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U.S.-Caribbean Partnership to Address the Climate Crisis 2030

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PACC 2030 is the U.S. government’s flagship partnership with the Caribbean to advance climate adaptation and resilience and clean energy cooperation through 2030 as we work toward meeting the long-term goals of the Paris Agreement and the 2030 Sustainable Development Goals.

PACC 2030 was launched by Vice President Harris during the Summit of the Americas in June 2022.

JUNE 9, 2022

PACC 2030’s objectives are based around 4 pillars: Improving Access to Development Financing, Facilitating Clean Energy Project Development and Investment, Enhancing Local Capacity Building and Food Security, and Enhancing Local Capacity Building. Learn more about the work we’ve already begun under each pillar below. 

Pillar I: Improving Access to Development Financing

Dominican Republic Accelerating Clean Energy Transition: The United States’ concessional loan of almost $1 billion to the Clean Technology Fund (CTF) can help support the Dominican Republic’s transition to clean energy.  The Clean Technology Fund invited the Dominican Republic to prepare an investment plan to access $85 million in concessional finance to support transition to clean energy through the Accelerating Coal Transition program (ACT).  On average every $1 of CTF concessional finance attracts over $10 in co-financing from MDBs, other public sources and the private sector. 

Barbados and Jamaica’s IMF’s Resilience and Sustainability Trust (RST) support: The U.S. Executive Office at the IMF supported Barbados and Jamaica to secure almost a $1 billion of affordable financing to address longer-term challenges, including climate change and pandemic preparedness.  The Biden Administration continues to work with the U.S. Congress to lend up to $21 billion to the IMF’s Poverty Reduction and Growth Trust (PRGT) and the Resilience and Sustainability Trust (RST),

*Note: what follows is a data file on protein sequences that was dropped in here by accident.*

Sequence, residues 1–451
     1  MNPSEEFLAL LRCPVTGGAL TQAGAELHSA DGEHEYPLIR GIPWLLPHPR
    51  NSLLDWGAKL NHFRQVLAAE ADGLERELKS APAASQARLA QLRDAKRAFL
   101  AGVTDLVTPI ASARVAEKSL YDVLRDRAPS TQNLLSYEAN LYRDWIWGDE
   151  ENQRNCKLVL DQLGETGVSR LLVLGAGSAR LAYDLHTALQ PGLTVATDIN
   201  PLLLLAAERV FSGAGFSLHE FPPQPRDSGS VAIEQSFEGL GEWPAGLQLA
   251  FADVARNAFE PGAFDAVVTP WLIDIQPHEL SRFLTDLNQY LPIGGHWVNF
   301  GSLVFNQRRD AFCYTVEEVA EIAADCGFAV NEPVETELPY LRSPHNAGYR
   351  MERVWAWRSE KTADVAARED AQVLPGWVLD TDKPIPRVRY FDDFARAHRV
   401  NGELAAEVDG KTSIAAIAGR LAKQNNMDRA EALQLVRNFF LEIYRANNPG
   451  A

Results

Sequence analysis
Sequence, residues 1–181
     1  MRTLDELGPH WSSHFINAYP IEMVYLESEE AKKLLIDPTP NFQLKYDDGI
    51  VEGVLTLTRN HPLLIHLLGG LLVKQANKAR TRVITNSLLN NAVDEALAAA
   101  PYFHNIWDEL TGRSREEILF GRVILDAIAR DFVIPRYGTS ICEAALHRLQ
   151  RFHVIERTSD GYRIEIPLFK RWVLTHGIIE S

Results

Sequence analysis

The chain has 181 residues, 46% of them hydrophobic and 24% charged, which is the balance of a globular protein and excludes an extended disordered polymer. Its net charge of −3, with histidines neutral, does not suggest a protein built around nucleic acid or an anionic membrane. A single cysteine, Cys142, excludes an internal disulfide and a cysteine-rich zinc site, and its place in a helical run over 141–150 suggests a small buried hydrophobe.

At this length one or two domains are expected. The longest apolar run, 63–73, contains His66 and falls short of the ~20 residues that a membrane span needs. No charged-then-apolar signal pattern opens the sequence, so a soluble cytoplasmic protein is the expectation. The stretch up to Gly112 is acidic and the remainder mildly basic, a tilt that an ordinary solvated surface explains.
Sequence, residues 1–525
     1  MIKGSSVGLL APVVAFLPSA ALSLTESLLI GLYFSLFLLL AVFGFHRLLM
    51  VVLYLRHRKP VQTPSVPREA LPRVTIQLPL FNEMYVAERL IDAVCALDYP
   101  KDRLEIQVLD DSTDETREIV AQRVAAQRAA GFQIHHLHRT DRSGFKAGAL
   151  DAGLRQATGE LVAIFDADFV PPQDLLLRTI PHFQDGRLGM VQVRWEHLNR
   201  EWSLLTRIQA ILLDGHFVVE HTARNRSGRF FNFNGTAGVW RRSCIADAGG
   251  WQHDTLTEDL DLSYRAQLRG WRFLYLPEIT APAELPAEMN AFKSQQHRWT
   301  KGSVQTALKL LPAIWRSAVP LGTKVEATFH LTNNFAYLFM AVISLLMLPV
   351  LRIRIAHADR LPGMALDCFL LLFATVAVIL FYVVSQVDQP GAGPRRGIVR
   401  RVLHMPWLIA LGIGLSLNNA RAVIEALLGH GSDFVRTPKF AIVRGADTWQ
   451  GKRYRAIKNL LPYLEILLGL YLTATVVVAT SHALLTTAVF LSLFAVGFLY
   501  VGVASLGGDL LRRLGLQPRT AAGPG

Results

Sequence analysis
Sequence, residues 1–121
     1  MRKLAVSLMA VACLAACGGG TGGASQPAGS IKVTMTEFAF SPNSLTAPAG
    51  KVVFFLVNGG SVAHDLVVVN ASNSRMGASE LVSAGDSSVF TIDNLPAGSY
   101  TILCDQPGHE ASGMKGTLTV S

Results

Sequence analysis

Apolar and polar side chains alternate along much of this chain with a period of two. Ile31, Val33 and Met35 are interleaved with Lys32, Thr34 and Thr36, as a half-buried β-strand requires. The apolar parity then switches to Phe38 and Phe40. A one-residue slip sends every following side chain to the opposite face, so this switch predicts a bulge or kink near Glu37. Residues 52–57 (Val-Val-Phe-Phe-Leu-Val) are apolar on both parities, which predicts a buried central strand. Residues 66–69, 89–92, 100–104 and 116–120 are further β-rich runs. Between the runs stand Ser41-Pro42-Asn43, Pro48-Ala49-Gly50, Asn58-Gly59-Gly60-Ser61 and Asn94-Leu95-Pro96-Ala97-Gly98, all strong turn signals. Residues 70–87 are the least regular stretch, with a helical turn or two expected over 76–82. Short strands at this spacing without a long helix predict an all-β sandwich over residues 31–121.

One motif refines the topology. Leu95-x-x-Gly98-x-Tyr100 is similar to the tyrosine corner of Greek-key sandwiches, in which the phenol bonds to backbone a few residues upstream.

Barbados Blue-Green Investment Corporation: In January 2023, USAID Administrator Samantha Power announced financial and technical support to help Barbados set up the Blue-Green Investment Corporation, which, when established, will be the first green bank in the Caribbean to finance climate change mitigation and adaptation, including resilient housing, renewable energy, green transportation, and water conservation.  

Guyana-U.S. EXIM Investment Framework: The Export-Import Bank of the United States (EXIM) and the Government of Guyana signed a MOU in July 2022 to explore options for utilizing EXIM financing, which include direct loans, loan guarantees, and insurance products totaling up to $2 billion for energy, water treatment, sanitation, among other sectors.  

Dominican Republic-U.S. International Development Finance Corporation (DFC) and USAID to Support Energy Transition: DFC and USAID are working with domestic financial institutions to expand financing for small businesses with a focus on energy security, renewable energy, energy efficiency, and climate solutions.

Pillar II: Facilitating Clean Energy Project Development and Investment

Antigua and Barbuda Renewable Energy: The National Renewable Energy Laboratory (NREL) is leading the State Department’s Global Climate Action Partnership supporting Antigua and Barbuda with clean energy and energy resilience initiatives. These projects provide backup power for critical facilities. NREL is also supporting capacity building and workforce development in Antigua and Barbuda for the installation and maintenance of clean and resilient energy technologies such as: solar and battery energy storage systems, hurricane resistant wind turbines, electric vehicle charging stations, and energy efficiency improvements in buildings.